With high school being in the middle of a student’s educational career, it is surprising that recent education innovation has only been happening around it. We saw massive disruption in the higher education space in the past couple of years, and now there are signs of a new readiness movement that tackles learning issues before students enter high school.
2013 could become an interesting year for this space with innovation trickling down from higher education on one side, and products and services that prepare kids for school on the other.
As I wrote a couple of weeks ago in my edtech predictions for 2013, adaptiveness is a trend to keep an eye on. And it won’t be limited to the higher education space — the same concepts are now being transferred into the high school space.
Last year, Apple launched their publisher platform with eight high school textbooks. In August 2012, digital textbook platform Kno announced its entrance into the high school market with Houghton Mifflin Harcourt, offering digitized versions of their textbooks for $9.99.
In an interview with TechCrunch, Chegg’s CTO Chuck Geiger shared that the company saw their userbase growing among high school students. This inspired their goal of becoming an ecommerce platform for high school and college students over the coming years.
Two years ago, Chegg acquired a number of startups to broaden their footprint in the market besides textbook rentals. I recently interviewed Sean Conway, whose startup Notehall was acquired by Chegg in June 2011. Notehall focuses on services around learning — Chegg’s acquisition suggests that textbooks, as a product, are not in the spotlight anymore.
If you want to get familiar with early trends in the education space, attending a Startup Weekend Education will give you some good insights on what educators are working on. Last weekend in London, I was surprised that a fair amount of the projects were around readiness.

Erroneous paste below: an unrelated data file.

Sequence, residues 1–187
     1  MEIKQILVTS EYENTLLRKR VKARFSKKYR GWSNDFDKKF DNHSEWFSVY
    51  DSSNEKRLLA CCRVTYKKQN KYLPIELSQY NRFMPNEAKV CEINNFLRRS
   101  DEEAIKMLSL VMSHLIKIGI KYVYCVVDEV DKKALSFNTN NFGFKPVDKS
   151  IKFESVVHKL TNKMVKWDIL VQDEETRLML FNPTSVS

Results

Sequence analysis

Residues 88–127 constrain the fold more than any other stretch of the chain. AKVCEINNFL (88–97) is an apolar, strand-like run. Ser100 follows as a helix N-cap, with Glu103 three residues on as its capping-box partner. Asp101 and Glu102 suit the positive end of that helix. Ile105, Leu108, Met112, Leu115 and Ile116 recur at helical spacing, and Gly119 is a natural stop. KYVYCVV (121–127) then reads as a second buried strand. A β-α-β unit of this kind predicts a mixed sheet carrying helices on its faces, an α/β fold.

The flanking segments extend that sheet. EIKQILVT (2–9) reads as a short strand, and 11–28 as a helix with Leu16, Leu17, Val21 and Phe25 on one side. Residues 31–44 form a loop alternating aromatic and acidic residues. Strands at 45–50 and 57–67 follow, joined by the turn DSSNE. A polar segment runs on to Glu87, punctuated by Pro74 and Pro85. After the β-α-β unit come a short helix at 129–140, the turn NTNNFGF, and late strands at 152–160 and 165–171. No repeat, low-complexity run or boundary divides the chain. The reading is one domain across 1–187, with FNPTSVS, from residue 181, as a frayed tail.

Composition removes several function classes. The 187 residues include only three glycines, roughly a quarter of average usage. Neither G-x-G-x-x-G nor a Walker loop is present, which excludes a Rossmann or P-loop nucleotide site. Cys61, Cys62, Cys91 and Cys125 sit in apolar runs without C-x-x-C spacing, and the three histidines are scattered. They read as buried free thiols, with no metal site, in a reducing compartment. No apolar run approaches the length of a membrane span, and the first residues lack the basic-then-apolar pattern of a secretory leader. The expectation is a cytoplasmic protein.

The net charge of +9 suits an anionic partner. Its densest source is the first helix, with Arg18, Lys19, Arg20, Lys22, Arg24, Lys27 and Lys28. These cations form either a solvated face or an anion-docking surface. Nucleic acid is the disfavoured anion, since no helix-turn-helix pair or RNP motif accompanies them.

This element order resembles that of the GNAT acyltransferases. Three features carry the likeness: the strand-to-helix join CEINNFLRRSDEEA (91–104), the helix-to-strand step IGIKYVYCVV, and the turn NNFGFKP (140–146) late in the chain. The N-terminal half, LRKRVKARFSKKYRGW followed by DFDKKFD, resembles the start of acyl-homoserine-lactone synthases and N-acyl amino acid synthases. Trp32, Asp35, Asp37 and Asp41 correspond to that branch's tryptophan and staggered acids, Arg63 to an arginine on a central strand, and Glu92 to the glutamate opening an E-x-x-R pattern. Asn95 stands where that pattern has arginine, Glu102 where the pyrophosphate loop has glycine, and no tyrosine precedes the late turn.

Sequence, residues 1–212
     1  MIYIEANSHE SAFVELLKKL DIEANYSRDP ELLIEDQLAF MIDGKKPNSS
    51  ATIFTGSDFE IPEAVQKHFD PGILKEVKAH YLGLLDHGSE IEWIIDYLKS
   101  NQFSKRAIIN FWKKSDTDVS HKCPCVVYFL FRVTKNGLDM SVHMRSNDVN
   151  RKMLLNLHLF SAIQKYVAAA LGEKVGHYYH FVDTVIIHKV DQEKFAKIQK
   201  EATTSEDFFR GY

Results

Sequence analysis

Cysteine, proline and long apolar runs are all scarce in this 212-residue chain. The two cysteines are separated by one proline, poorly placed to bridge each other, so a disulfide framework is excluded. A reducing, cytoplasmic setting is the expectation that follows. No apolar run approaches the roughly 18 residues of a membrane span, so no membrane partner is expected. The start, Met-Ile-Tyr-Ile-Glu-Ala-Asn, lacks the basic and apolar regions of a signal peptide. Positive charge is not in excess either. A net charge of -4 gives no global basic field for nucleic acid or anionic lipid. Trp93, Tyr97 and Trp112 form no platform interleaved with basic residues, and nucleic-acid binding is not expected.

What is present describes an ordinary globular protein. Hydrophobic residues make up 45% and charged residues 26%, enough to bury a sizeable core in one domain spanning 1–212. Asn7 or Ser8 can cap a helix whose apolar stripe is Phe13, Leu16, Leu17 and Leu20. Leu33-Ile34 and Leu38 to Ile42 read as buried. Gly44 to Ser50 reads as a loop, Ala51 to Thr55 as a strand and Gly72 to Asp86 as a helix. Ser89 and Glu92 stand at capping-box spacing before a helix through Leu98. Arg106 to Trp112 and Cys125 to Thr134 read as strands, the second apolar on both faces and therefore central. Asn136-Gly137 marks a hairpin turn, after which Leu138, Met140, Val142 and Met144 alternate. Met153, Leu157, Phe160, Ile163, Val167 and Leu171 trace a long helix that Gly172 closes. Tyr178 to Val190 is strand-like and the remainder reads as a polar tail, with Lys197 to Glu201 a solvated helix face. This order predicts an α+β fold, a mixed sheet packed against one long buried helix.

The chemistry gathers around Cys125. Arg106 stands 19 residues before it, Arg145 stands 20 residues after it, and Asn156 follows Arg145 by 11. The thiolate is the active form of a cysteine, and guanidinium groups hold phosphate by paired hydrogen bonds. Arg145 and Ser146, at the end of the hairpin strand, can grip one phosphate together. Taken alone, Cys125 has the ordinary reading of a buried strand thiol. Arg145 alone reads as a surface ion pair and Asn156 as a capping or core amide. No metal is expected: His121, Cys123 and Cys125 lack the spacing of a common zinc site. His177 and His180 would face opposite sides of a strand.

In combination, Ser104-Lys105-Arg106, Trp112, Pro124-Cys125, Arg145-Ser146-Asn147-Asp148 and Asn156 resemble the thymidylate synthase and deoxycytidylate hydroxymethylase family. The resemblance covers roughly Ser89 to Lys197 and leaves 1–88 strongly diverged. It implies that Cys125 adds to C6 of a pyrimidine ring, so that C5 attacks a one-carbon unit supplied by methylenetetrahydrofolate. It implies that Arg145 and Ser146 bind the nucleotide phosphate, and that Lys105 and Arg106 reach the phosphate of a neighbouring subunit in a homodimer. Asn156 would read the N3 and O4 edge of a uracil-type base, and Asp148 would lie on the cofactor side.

There is a growing group of parents who want to give their children a head start when it comes to being tech savvy and performing in school. Parents in New York often spend ridiculous amounts of money to train their toddlers for entrance test in the top pre-schools. But less wealthy parents also care about the future of their children in an increasingly competitive and technology driven world.
They don’t necessarily trust the public school system to give their children the best education. In a Gallup poll in June 2012, only 29% of American parents were confident about public schools, while 30% little or no confidence at all.
Thanks to tablet devices, a whole plethora of educational apps for toddlers and preschool kids came on the market. Startups like KinderTown even found a business model in curating and rating all those applications.
In general, we can see that parents are also taking part in the flipped classroom approach. They teach their children the basics through apps and games, getting them ready for school. In the best case scenario, the teacher could then focus on more interesting and engaging topics in school.
And this will still take a while until the majority of children entering school are going to be prepped at home, probably already being able to read, having basic math skills and general knowledge in most of the subject matters. But, the earlier kids learn, the more skills they’ll be able to master, especially if these technologies find a place at the high school level.